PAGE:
Putin can only pull these serial murders off because he has an ally in the indifference of the Russian sheeple.

In the age of cellphones and the internet, in spite of Russia's MSM censorship, Russians aren't living in a total vacuum anymore. Putin and his fellow FSB gangsters would be gone tomorrow if mass demonstrations were on the streets.

Their silence is deafening.

winsc2 said...

Amidst much wild speculation, including the "leak" to the BBC's "Today" programme the morning before he died that Litvinenko had supposedly swallowed three 1/2inch wide packages which had just showed up on an X-ray (now reported to be Prussian Blue to counteract the thallium - and I wonder where that story came from...), an interesting insight comes from Boris Volodarsky, an historian who has looked back at how the KGB has behaved in the past to make some pertinent observations about recent events.

That article is here

I have some comments of my own:

Why so public? everyone seems to ask. And why not something that kills him quickly, as well as quietly? Here are some possible reasons:

1) The FSB chooses to show it doesn't care about possible fallout from this public attempt to nail an opponent abroad as a deliberate projection its new confidence. With one of their old colleagues as President, bankrolling their expansion, they feel their day has come once again.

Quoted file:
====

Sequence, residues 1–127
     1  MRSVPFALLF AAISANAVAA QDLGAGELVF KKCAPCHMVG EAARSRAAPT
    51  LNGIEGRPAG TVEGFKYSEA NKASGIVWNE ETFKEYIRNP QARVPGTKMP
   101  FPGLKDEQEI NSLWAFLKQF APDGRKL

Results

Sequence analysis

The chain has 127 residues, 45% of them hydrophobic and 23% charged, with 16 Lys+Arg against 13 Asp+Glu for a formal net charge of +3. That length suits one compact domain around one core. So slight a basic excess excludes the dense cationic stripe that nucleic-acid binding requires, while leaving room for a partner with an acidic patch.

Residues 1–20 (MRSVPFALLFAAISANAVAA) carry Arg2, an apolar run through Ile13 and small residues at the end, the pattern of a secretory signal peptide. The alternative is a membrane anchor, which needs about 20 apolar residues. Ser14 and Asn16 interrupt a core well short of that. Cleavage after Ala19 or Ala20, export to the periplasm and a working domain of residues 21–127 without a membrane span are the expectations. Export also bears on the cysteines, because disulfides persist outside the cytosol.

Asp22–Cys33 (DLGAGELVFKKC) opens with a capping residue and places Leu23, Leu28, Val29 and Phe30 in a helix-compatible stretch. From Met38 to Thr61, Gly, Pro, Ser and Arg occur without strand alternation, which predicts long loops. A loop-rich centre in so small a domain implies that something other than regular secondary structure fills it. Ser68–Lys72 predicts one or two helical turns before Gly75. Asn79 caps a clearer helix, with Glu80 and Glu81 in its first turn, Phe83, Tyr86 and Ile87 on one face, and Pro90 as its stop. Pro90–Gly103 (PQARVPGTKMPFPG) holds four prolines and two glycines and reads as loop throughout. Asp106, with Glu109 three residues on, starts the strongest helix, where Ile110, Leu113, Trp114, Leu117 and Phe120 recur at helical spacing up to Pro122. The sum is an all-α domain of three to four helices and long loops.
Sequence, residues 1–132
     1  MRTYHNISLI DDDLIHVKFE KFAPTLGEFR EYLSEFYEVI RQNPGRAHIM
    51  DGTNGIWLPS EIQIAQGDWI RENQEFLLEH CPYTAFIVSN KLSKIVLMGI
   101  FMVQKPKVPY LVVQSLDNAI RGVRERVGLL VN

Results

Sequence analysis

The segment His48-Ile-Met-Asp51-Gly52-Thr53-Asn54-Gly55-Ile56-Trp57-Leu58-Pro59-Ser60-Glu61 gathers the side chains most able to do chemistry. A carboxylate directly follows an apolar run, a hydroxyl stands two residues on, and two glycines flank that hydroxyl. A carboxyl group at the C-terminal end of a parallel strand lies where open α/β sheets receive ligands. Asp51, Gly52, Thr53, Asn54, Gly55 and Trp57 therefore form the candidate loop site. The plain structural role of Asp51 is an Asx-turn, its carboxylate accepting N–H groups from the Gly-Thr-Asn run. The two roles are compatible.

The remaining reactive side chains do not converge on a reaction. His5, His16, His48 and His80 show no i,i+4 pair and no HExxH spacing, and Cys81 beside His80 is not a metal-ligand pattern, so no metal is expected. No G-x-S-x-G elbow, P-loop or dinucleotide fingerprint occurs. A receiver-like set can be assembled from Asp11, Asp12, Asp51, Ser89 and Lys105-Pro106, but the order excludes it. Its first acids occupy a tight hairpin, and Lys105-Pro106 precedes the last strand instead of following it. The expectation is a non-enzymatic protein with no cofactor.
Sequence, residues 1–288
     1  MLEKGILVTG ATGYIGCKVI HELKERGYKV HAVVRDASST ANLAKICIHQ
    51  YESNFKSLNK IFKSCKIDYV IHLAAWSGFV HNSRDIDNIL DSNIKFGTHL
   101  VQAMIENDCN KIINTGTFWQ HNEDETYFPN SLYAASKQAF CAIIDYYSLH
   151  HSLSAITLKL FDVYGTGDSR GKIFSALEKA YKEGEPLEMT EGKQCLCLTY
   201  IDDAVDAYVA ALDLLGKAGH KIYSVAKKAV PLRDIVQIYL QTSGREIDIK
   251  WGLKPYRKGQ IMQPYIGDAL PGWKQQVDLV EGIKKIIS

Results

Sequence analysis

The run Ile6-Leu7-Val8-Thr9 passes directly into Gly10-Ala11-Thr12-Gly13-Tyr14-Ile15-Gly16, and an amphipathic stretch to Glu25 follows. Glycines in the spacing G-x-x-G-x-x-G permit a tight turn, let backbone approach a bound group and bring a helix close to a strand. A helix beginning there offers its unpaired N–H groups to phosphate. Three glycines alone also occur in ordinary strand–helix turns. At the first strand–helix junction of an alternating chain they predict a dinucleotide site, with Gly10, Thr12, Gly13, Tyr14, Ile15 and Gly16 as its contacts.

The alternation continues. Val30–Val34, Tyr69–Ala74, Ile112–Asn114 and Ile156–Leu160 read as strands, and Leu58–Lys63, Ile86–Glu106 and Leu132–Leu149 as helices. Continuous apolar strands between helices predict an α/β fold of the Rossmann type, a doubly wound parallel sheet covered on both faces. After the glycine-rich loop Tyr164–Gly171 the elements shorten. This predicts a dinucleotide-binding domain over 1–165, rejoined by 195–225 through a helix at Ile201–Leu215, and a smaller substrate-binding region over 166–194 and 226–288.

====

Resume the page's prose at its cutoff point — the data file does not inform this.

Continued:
One take on this story: "We are back in business, boys." This is the swagger of a revitalised KGB.

2) To make anyone still in Russia (especially in the FSB) think again if they are thinking of one day becoming a whistleblower themselves. They now know that they can't even escape abroad afterwards. In the 1960s KGB recruits were shown a film of one renegade GRU man (most people say it was Penkovsky but other names sometimes crop up) being torched to death for spying for the West. It was a very effective deterrent then. This will be now.

Another take on the story: This keeps a lid on as yet undiscovered FSB secrets and ensures that there won't be another Litvinenko for a long time.

3) To scare the **** out of any Russians who have fled abroad. Publicity has always been thought of as a protective asset for the dissident. "They couldn't go after Anna Politkovskaya, surely, isn't she too well known?". Not any more. The attack on Litvinenko will shut up dissenting voices abroad and provides a satisfying for way for an organisation of sadists to inject yet more terror into the lives of those people they can't or don't want to physically harm (yet?) - and their families, of course, because a wife who is terrified of seeing her husband die such a horrible, long drawn-out death will do whatever she can to stop him meddling in politics.

This take says: Its an efficient way to silence a lot of nuisances abroad all at once. If you can't stop them going, shut them up when they are there.

This poisoning may not have been ordered from the top of the FSB, or the Kremlin, but to those who cite the torrent of negative publicity (which the perpetrators surely should have anticipated) as a reason why it couldn't be from the Kremlin or the Lubyanka, I have a couple of other observations: